On May 8, 2023, Town Council of the Borough of Chambersburg approved an Agreement with the Pennsylvania Fish and Boat Commission for a grant totaling $58,500 to design and install an adaptive canoe and kayak launch along the Conococheague Creek. The Pennsylvania Fish and Boat Commission’s (Commission) Boating Facility Grant (BFG) Program awarded the grant to fund the construction of a new adaptive canoe and kayak launch and an ADA accessible connection to the existing Chambersburg Rail Trail.
The Borough has identified a gap in the recreation network, due to the absence of boating access to the Conococheague Creek along the rail trail. “We are appreciative to the Commission for funding the Borough’s project under the Boating Facility Grant Program,” said Andrew Stottlemyer, the Borough’s Storm Sewer System Manager. “Funding from the state will help the Borough provide another source of recreation to its citizens and the many visitors who want to use the Conococheague Creek for their recreational needs.”
The adaptive boat launch will offer safe and accessible ways for adaptive paddlers, those in wheelchairs, and those with disabilities, to enter and exit canoes and kayaks more easily and safely. The closest facilities to this new location, which will be accessible from Hood Street, are located 7.55 miles upstream at Scotland and 1.86 miles downstream along Hollywell Avenue.
The purpose of the Commission’s BFG Grant Program is to provide grants to local governments, watershed associations, land trusts, and other partners for the planning, acquisition, development, and expansion of public fishing and boating facilities located on Waters of the Commonwealth. Under the current round of the BFG Program, the Commission awarded 19 grants that provided financial assistance for the acquisition and construction of boating access facilities.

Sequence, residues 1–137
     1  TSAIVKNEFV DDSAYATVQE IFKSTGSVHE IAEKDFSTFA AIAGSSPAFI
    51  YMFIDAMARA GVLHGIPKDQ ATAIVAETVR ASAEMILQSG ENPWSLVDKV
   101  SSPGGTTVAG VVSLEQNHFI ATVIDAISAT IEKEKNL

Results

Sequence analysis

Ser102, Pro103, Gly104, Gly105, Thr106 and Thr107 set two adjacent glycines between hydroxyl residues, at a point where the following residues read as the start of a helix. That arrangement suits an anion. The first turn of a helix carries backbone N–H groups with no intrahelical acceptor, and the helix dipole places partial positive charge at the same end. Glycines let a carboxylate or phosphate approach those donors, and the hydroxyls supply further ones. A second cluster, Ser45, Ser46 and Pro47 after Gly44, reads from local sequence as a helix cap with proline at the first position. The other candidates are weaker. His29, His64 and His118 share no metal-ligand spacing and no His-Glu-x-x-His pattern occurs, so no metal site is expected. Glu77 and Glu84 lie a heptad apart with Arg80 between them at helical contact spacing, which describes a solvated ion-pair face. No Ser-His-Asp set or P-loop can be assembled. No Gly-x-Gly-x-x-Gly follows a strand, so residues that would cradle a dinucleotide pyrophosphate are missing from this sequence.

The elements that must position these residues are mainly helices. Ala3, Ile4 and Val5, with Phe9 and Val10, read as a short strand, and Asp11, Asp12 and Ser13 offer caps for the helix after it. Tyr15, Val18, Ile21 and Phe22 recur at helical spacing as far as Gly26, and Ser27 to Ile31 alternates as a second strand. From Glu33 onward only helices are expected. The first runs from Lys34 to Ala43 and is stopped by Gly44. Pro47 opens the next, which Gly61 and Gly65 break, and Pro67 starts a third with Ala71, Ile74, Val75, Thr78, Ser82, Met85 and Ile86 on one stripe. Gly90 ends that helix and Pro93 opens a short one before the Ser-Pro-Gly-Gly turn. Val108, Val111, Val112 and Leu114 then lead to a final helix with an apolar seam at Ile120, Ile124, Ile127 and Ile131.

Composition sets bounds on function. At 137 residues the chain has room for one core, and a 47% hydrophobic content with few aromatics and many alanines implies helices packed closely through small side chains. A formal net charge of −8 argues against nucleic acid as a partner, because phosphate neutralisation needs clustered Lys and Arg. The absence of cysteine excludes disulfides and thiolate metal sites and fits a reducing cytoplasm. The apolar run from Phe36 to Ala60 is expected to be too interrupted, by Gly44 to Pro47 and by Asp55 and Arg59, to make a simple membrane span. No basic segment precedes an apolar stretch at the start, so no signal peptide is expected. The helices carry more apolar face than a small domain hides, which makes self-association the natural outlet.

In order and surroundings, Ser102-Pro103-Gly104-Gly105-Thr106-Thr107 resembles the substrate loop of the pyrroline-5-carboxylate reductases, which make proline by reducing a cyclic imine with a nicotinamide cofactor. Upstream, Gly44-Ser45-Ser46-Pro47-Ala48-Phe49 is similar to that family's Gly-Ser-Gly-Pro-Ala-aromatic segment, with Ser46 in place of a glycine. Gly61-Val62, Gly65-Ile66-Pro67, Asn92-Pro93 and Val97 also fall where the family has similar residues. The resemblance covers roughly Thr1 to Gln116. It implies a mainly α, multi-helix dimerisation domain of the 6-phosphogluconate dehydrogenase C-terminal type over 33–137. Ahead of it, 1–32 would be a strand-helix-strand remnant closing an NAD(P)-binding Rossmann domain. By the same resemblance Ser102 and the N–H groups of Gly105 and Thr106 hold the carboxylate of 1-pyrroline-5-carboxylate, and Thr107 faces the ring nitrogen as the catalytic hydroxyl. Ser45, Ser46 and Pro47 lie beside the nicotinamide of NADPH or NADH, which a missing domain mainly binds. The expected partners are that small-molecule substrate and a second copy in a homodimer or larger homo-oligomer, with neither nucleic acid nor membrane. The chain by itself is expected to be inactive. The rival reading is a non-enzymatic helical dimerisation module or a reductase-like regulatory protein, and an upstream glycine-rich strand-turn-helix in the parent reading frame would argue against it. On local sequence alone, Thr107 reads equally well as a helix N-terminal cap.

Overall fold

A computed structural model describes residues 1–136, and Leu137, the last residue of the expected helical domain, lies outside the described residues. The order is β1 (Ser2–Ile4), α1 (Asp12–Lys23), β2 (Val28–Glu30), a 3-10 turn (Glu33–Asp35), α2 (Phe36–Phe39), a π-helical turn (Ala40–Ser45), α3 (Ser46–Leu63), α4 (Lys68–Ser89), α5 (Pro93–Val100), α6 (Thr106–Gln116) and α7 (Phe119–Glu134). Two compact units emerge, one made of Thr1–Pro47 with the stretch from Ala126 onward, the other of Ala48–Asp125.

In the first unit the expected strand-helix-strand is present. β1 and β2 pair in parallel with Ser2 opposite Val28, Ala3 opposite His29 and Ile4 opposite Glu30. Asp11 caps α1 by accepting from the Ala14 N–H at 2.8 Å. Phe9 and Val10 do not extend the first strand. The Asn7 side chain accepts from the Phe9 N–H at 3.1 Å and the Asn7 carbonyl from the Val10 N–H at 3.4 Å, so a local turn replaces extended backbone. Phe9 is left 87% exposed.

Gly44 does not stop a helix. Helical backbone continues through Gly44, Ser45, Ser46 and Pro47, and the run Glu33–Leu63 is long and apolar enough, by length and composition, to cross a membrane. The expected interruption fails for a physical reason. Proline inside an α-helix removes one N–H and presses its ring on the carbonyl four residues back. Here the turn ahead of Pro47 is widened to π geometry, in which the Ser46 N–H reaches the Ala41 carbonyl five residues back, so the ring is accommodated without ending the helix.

For more information about the Borough and the Conococheague Creek Adaptive Canoe and Kayak Launch at the Chambersburg Rail Trail project, please contact Storm Sewer System Manager Andrew Stottlemyer at 717-251-2434 or email@example.com.
Chambersburg is a unique community. Chambersburg supplies more services than any other municipality in the Commonwealth of Pennsylvania. In addition to typical town functions, Chambersburg is Pennsylvania’s only municipality providing electric and gas to residents and businesses. Chambersburg is 1 of 35 Boroughs to operate a municipal non-profit electric utility. Chambersburg is the largest municipal electric utility in the State, twice as large as the second largest, Ephrata, Lancaster County; and, the only one to operate multiple generation stations. Chambersburg is 1 of 2 municipalities in PA to operate a natural gas utility. The other is Philadelphia, which does not operate an electric utility. Nationally, Chambersburg is 1 of 2,000 communities to have its own electric system and 1 of 1,000 communities to have a natural gas system but 1 of only about 60 to operate both. Chambersburg manages a regional water system, a regional sanitary sewer system (not through an independent Authority), and a new storm sewer utility; one of the first storm sewer utilities to form under the new Federal mandate to regulate stormwater. Chambersburg has a famous Aquatic Center as well. Chambersburg, the County Seat of Franklin County, currently has 20,832 residents (2020).
About The Pennsylvania Fish and Boat Commission:
The mission of the Pennsylvania Fish and Boat Commission is: to protect, conserve, and enhance the Commonwealth’s aquatic resources and provide fishing and boating opportunities. The Pennsylvania Fish and Boat Commission is an independent Commonwealth commission comprised of 10 Commissioners appointed by the Governor and approved by the Legislature. The Boating Advisory Board advises and makes recommendations to the Commission. The Commission is a user-funded agency receiving no PA General Fund tax revenue to support its programs. The Commission operates out of two special funds: the Fish Fund and the Boat Fund. Revenue for the Fish Fund is generated from sales of fishing licenses and fees (about 66%) and federal funds (about 22%) obtained from taxes on fishing-related items. Revenue from the Boat Fund is predominantly generated from boat registration/titling fees, refunds of liquid fuels taxes on gas used by motorboats and federal aid.